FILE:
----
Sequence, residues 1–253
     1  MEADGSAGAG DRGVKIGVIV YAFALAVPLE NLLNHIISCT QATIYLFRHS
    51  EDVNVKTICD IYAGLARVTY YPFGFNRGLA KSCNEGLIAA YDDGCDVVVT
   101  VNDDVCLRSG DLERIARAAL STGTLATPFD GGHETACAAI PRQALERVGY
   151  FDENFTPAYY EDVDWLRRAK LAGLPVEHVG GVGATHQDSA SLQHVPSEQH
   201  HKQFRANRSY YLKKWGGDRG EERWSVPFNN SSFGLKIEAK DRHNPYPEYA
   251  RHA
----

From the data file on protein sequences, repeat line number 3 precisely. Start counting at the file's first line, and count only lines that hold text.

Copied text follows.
    51  EDVNVKTICD IYAGLARVTY YPFGFNRGLA KSCNEGLIAA YDDGCDVVVT